For n 30, use the table of the t distribution with n – 1 degrees of freedom. When n > 30, there is very little difference between the standard normal distribution and the t distribution.

Let us illustrate the difference between Z and t with a medical example. We con-sider the blood glucose data from the Honolulu Heart Study (Kuzma, 1998, p. 93, Figure 7.1). The population distribution in this example, a finite population of N = 7683 patients, was highly skewed. The population mean and standard deviation were μ = 161.52 and σ = 58.15, respectively. Suppose we select a random sample of 25 patients from this population; what proportion of the sample would fall below 164.5?

First, let us use Z with μ and σ as given above (assumed to be known). Then Z = (164.5 – 161.52)/(58.15/25) = 2.98/11.63 = 0.2562. Looking in Appendix E at the table for the standard normal distribution, we will use 0.26, since the table car-ries only two decimal places: P(Z > 0.26) = 0.5 – P(0 Z 0.26) = 0.5 – 0.1026 = 0.3974.

Suppose that (1) the mean μ is known to be 161.52, (2) the standard deviation σ is unknown, and (3) we use our sample of 25 to estimate σ. Although the sample estimate is not likely to equal the population value of 58.15, let us assume (for the sake of argument) that it does. When S = 58.15, t = 0.2562.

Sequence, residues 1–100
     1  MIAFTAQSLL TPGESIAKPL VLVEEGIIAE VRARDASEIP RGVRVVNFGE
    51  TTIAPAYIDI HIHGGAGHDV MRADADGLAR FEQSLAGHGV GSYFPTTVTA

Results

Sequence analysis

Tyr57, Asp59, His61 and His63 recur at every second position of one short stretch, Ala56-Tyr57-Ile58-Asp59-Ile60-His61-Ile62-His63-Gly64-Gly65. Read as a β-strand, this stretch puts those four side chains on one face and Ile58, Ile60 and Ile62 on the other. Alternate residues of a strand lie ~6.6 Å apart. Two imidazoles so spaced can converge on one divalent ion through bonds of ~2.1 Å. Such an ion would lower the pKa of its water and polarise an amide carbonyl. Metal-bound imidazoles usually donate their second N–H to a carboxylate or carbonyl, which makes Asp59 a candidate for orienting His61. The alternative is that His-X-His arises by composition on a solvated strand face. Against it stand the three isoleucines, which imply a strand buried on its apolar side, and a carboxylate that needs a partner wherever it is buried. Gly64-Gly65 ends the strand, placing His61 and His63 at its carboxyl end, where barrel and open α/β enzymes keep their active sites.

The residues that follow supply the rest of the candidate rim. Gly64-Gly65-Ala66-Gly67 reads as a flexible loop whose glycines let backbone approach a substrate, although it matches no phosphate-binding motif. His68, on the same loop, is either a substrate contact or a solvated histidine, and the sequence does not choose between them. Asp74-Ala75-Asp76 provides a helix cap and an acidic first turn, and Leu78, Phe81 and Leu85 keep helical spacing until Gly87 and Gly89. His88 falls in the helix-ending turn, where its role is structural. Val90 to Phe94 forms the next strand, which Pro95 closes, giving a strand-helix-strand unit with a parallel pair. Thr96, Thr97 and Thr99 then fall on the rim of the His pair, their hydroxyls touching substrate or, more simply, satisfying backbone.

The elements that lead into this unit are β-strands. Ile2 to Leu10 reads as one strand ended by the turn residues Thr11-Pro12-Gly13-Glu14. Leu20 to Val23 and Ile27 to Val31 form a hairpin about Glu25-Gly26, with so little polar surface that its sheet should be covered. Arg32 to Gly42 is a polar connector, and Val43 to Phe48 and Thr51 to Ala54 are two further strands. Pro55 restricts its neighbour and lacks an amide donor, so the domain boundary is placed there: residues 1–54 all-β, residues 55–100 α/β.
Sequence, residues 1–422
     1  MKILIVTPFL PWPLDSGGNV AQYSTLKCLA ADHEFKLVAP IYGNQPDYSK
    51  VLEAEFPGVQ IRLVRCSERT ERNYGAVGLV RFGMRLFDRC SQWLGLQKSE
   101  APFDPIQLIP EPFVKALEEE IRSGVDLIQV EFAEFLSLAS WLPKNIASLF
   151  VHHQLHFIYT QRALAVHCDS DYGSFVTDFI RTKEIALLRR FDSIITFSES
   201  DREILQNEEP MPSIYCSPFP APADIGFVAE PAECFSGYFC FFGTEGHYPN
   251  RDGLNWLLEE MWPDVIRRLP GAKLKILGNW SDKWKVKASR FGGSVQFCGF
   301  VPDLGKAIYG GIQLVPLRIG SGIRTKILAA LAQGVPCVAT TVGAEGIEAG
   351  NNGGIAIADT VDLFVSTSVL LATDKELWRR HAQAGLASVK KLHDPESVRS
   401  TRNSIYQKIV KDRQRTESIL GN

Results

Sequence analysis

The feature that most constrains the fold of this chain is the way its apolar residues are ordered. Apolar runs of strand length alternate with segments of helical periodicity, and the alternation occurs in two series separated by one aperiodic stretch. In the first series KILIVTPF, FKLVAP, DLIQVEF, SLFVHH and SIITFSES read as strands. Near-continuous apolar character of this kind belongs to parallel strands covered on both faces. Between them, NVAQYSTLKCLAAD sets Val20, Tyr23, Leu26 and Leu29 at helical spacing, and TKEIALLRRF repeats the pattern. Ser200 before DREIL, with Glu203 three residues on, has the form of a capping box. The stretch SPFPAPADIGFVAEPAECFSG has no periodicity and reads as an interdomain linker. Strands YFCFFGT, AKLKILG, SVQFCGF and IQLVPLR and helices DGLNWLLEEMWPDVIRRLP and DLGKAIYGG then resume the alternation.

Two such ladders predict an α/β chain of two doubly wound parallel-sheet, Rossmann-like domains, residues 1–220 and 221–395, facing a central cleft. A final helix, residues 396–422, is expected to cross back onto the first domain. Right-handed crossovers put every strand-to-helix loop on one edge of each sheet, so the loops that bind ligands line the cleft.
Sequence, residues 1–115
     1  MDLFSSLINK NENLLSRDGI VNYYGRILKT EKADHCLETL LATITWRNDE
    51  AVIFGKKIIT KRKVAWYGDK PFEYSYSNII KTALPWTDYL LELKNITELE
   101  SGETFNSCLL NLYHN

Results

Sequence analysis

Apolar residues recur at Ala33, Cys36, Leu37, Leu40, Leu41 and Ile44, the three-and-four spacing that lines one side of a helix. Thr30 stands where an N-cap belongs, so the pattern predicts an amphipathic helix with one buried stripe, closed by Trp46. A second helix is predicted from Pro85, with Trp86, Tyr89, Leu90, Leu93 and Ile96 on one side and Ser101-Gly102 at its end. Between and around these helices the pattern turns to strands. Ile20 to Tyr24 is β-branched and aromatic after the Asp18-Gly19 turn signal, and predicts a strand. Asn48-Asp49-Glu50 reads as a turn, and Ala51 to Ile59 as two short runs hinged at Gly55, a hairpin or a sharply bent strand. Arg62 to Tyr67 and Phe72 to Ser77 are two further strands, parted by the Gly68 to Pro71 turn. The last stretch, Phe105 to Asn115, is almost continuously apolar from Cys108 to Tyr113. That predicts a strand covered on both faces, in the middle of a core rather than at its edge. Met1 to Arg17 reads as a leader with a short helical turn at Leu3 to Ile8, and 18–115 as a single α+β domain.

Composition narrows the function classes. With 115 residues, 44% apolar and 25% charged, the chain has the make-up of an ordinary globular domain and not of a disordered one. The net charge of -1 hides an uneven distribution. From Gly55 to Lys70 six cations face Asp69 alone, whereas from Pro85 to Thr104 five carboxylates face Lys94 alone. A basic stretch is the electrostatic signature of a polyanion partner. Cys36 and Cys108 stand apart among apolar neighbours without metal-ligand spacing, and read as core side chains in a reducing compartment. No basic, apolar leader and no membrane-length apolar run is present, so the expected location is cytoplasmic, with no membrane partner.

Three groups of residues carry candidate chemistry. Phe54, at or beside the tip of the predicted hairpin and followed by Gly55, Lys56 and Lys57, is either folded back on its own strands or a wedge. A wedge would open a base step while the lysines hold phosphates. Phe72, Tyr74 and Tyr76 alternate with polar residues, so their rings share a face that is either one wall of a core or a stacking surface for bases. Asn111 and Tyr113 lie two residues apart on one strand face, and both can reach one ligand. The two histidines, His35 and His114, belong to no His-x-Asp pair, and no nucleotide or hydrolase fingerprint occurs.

Now we must refer to Appendix E to determine the probability for a t with 24 degrees of freedom—P(t > 0.2562). As the table provides P(t a), in order to find P(t > a) we use the relationship that P(t > a) = 1 – P(t a); in our case, a = 0.2562. The table tells us that P(t 0.2562) = 0.60. So P(t > 0.2562) = 0.40. Note that there is not much difference between 0.40 for the t and the value 0.3974 that we obtained using the standard normal distribution. The reason for the similar results obtained for the t and Z distributions is that the degrees of freedom (df = 24) are close to 30.

Let us assume that n = 9 and repeat the foregoing calculations, this time for the probability of observing an average blood glucose level below 178.75. First, for Z we have Z = (178.75–161.52)/(58.15/9) = 17.23/(58.15/3) = 17.23/19.383 = 0.889. Rounding 0.889 to two decimal places, P(Z < 0.89) = 0.50 + P(0 < Z < 0.89) = 0.50 + 0.3133 = 0.8133.

If we assume correctly that the standard deviation is estimated from the sample, we should apply the t distribution with 8 degrees of freedom. The calculated t statis-tic is again 0.889. Referencing Appendix F, we see for a t distribution with 8 de-grees of freedom P(t < 0.889) = 0.80. The difference between the probabilities ob-tained by the Z test and t test (0.8133 – 0.8000) equals 0.0133, or 1.33%. We see that because the t (df = 8) has more area in the upper tail than does the Z distribu-tion, the proportion of the distribution below 0.889 will be smaller than the propor-tion we obtained for a standard normal distribution.